[A few years back, I wrote a series of essays about life in our 1780's house. I plan to post them in the upcoming weeks.]
Approaching the front door, the black wrought iron railing still bears an “M” for “Meyers,” although Mr. Meyers passed away a good five years ago. The brass knocker, too, confounds visitors as it continues to read, and perhaps always will, “Meyers.” It is not nostalgia on our part, or an unwillingness to release the past. This house took us in twelve years ago; Dave, Tucker, Casey and I are its family now. But unless some future bustling efficiency or yearning for accurate documentation spurs us, the Meyers will stay on in railing and knocker.
The garden bordering the railing is unequivocably ours. We dug up thriving pachysandra that had overtaken the small front yard, inspired by an Impressionist oil of an English garden. It was a wonderful distraction for me in the early months of summer, calming my mental tumult of shoulds and imagined fears in the pursuit of weeds and dead heads. Now in October, the sedum has turned almost rust, its heady sweet honeyscent a whisper lure to pollen-heavy bumblebees. Purple asters lie prone, downed by their own weight, but still vibrantly blooming. The cosmos, too, crawl the earth, seeking the sun with upturned pink blossoms atop feathery green stalks.
This wild tangle no longer calls for my care, but like gleeful children finally free of supervision, has grown inventive in its autumnal glory. Goldenrod as fragrant and lovely as any chosen flower has boldly unfurled her yellow laced fingers, a comforting caress for the bristly brown heads of passed echinacea and bee balm. The gomphrena is ablaze in clover-like buttons of garish magenta. Faithful impatiens, shaded by catmint overgrown now that my ministrations have dwindled, stretch and smile in plentiful splendor.
The house itself offers a simple face of white clapboard; a massive center chimney of painted brick is the most distinguishing feature. Black lanterns of iron, once mounted on a carriage postern, flank the front door. With barely an effort, I can picture the expansive canopy of the towering ash tree that shaded the house when we moved here, although it came down almost two years ago. From the corner of my eye, I catch a glimpse of my dancing malamute, our dog, Kody, pleased that I’m home. In reality, she too is gone, but this house holds its tenants. We all come to stay.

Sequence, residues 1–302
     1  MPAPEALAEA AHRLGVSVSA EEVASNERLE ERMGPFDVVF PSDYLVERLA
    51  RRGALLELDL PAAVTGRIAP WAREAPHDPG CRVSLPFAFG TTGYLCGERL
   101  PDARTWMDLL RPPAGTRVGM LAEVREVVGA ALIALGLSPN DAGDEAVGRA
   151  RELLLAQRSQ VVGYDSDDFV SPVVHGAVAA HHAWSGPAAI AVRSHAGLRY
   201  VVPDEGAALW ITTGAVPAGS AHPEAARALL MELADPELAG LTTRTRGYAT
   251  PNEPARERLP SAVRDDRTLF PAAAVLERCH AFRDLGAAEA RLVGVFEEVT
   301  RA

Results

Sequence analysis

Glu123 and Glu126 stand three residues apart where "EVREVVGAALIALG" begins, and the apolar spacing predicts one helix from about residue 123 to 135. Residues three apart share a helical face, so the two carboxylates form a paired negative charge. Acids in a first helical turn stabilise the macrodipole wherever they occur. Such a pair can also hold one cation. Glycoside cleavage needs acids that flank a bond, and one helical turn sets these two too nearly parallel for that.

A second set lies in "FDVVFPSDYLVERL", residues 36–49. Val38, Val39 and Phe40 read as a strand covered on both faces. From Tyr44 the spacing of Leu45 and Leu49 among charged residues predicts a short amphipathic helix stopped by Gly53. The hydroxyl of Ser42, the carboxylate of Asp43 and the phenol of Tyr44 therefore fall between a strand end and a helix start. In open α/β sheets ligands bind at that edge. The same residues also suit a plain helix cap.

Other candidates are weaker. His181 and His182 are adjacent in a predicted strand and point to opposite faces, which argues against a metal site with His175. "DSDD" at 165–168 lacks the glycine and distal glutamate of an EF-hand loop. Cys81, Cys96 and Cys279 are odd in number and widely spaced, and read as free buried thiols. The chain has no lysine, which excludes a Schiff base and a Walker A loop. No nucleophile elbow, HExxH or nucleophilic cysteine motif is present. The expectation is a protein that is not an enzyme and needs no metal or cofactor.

Colonel Isaiah Jennings built the house in 1782 upon his return from service during the Revolutionary War. I like to think he knows we are here and approves of us. We found this place as many buyers do, by flipping to the pages beyond our price range in the realtors’ book and then finding it impossible to return to our side of the tracks. How could we walk away from the yawning fireplace that could fit our family of four with ease, the warped wide plank floors and massive beams hewn by some long ago hand?
When we began the purchase process, my mother would call almost daily with anxious questions. “I’ve been up all night worrying. Have you considered crime in the area, other new kids in the children’s classes, the rabbit warren effect of the rooms?” I don’t think it was really the house that caused her concern; it was more the life change for me. After living on various school campuses since I was fifteen, I’d be living in the woods a good quarter-mile from the nearest neighbor. “This may not be worth it,” she cautioned, “A house isn’t your life; it’s the shell for your life.” But, our house has a spirit; it is more than a shell. And despite my mother’s reservations, it was only with her help that we’ve come to live here.
As we stood in the front hall that first day in 1990, the empty rooms - newly painted white as an open canvas - held the promise of the rest of our life unfolding. I pictured Mr. Meyers’ farewell pause on the threshold after his forty-five years here; perhaps he smiled sadly at a fleeting image of his wife, by then deceased, resting by the fireplace, or the scampering dance of his small daughter, now grown. Surely all of the laughter and sorrow of each family steeps into plaster and supporting beams like tea suffuses a watery brew.
After the Meyers’ belongings were swathed in moving rugs, folded into boxes and trundled out on the shoulders of sturdy young men, the house was left empty for over a year, awaiting the next link in the chain. At least, that’s how I see it. I am keenly aware of the changing of the guard. It is our time now, but we are temporary stewards, and that is the privilege of living in an old house. We've become part of its heritage, entrusted during our tenancy with honoring its past and keeping it safe for those who follow.